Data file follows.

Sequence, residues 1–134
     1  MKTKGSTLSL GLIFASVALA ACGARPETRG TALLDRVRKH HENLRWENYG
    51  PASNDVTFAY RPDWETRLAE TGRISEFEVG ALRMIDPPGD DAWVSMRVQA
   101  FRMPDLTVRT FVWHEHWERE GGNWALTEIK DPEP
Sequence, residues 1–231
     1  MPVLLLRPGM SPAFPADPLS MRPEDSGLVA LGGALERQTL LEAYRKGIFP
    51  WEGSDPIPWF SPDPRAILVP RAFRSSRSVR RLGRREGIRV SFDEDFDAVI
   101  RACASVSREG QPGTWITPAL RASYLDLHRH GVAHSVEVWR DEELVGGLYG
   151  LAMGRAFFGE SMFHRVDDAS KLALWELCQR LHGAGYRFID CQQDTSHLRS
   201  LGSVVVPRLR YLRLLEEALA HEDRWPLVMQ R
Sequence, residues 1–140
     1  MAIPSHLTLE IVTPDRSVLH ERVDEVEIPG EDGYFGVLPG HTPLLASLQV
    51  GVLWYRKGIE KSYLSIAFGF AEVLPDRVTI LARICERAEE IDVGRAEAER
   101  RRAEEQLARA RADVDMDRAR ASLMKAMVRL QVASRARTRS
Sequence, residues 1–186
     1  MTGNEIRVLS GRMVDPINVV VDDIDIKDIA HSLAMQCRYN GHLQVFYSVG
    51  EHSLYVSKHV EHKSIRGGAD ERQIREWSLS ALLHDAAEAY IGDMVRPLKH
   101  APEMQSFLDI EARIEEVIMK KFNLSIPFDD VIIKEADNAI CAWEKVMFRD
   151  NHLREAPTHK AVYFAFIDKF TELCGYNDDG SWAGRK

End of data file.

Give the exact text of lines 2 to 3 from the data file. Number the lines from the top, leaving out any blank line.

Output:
     1  MKTKGSTLSL GLIFASVALA ACGARPETRG TALLDRVRKH HENLRWENYG
    51  PASNDVTFAY RPDWETRLAE TGRISEFEVG ALRMIDPPGD DAWVSMRVQA